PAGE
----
The most striking lesson that I've experienced, and witnessed repeatedly, is that when it comes to connectivity, "you don't know what you don't know." This applies to providers (buyers) as much as it does vendors (sellers). When presented with a new problem, it's human nature to apply current knowledge and mental models in search of a solution - thus the perennial appeal of the "intuitively obvious." Intellectually we know that problems don't all fall into the same logical framework. But, for various reasons we tend to apply known solutions to new problems, and only when the outcome is unacceptable do we contemplate the unknown. Decision making insanity aside, this typical approach is inefficient - or worse.
The barrier to effectively applying the intuitively obvious to connectivity results from fundamental differences between embedded system devices (i.e., conventional stand alone medical instruments) and the methods and technologies used for connectivity (i.e., general purpose computing technologies). This dichotomy in the application of the different technologies used in both embedded systems and connectivity, extends from product design to regulatory, manufacturing, marketing, sales, installation, service and support. For the vendor, the entire business delivery system is affected. Provider processes - needs assessment, vendor selection, implementation and ongoing internal support - are impacted as well by these differences.
So how are embedded systems different from connectivity? Embedded systems embody the following concepts:
- The embedded system is a black box in which the vendor controls everything.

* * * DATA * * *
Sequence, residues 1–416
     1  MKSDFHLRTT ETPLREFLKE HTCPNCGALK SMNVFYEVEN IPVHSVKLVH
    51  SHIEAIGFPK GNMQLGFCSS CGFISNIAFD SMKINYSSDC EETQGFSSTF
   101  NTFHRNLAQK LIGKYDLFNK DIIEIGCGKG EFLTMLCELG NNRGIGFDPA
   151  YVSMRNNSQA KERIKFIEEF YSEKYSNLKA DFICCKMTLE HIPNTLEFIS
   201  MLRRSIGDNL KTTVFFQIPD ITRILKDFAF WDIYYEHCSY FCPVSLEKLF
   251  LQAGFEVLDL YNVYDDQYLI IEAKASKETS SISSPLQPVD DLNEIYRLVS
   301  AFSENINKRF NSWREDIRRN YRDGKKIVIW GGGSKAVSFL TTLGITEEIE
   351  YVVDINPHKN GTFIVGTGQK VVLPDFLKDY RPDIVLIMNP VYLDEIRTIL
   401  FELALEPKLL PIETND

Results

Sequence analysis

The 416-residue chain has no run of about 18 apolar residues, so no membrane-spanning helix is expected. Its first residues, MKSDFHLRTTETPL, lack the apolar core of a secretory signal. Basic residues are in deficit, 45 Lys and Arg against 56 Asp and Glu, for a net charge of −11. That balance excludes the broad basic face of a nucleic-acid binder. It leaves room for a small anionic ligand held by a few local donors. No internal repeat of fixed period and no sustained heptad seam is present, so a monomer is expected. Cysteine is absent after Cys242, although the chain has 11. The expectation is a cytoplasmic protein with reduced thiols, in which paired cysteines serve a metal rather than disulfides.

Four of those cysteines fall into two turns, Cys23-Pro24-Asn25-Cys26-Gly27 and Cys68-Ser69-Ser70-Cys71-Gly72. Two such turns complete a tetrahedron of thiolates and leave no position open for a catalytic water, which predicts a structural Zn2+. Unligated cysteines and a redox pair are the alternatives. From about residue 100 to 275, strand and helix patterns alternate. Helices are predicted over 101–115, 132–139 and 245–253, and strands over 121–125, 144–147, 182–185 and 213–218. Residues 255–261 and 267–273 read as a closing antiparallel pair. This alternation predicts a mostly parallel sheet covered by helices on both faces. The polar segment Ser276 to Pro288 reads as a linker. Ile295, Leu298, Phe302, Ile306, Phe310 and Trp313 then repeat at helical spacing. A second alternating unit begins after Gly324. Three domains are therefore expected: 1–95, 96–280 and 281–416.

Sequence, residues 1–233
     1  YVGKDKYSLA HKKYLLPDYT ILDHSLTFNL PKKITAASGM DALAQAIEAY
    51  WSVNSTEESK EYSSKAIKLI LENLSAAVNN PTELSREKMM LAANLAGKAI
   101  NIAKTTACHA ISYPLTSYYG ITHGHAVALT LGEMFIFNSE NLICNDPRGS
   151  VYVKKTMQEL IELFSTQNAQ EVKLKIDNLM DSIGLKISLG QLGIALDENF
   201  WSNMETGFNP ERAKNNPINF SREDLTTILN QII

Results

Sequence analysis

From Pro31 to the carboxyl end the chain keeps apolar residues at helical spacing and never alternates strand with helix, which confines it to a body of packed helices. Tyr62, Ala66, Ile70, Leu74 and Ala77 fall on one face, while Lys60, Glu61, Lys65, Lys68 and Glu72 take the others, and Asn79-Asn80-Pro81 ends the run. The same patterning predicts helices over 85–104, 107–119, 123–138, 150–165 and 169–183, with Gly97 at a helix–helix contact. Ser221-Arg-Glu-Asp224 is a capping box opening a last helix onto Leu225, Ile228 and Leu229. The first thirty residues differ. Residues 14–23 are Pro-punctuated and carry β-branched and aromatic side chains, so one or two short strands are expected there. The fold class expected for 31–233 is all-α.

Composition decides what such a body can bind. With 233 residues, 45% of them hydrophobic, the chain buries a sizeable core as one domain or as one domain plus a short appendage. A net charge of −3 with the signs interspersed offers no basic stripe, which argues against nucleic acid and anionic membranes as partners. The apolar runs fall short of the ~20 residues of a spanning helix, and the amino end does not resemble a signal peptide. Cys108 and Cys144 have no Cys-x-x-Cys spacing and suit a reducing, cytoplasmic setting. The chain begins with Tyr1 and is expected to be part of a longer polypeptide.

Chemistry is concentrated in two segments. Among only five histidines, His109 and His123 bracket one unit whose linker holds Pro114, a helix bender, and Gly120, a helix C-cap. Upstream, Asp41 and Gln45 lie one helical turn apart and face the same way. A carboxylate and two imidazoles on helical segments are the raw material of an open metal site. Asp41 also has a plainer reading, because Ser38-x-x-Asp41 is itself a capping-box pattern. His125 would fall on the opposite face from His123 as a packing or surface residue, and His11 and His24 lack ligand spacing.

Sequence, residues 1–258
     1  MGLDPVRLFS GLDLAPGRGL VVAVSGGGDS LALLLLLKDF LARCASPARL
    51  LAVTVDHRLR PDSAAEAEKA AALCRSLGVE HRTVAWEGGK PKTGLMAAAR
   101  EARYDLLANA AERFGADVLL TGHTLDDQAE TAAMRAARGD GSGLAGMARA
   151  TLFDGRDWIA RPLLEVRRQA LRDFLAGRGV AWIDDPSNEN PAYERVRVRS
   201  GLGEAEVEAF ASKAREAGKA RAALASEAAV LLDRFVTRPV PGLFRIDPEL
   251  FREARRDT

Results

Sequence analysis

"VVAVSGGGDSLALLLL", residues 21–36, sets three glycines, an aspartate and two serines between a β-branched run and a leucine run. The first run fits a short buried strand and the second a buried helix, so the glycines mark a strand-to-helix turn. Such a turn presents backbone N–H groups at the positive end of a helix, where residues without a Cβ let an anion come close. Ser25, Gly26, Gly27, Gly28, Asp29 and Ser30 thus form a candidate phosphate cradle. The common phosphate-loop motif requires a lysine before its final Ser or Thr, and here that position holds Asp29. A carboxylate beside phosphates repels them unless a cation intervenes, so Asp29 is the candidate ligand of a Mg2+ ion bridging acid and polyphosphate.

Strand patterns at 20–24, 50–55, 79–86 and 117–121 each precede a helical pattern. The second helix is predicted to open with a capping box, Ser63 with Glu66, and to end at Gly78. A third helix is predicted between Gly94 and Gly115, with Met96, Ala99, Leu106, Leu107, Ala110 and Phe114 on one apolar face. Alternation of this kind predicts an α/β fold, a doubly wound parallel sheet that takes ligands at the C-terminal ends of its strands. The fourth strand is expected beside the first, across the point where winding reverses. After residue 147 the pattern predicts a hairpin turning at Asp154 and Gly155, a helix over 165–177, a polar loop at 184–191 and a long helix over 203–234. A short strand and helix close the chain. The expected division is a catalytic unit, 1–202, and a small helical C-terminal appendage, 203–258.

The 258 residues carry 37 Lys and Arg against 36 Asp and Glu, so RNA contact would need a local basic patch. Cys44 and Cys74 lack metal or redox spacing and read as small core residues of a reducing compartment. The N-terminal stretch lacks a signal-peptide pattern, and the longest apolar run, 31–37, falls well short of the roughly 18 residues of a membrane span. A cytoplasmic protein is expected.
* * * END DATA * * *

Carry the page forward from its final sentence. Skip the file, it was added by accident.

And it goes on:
- As many variables as possible are striped from the embedded system to simplify design, improve safety and reliability, and to improve serviceability.
- Cost of goods (COGs) and the bill of material (BOM) are supremely important as they determine product costs and factory margin (most device vendors' factory margin targets for a new product is 80% or higher).
- Because they are a black box, selling embedded systems are all about the box - the user interface on the box, how the device attaches to the patient and the data that comes out of the box (e.g., diagnostic image quality, accuracy of arrhythmia analysis, elimination of motion artifact in NIBP or SpO2, etc.) - rather than the customer. There is some focus on the customer's clinical practice and how that matches the embedded device's features, but the focus is still box centric.
- The sphere of vendor focus extends no further than attaching their product to the patient, the user interface and resulting usability. Installation involves uncrating the device, plugging it into a wall outlet, and training the caregiver and/or techs who will use it.
- Selling the embedded system entails a limited degree of account qualification to identify the characteristics of the device that are most important to the prospect, presenting the general features (usability, powering options, mobility, size and weight) along with clinical capabilities.
- Servicing the embedded system device entails diagnosing the black box itself and any external sensors connected to the device. To the frustration of biomedical engineers, the service model for customers has evolved to from board repairs, to swapping components, to swapping entire embedded system devices.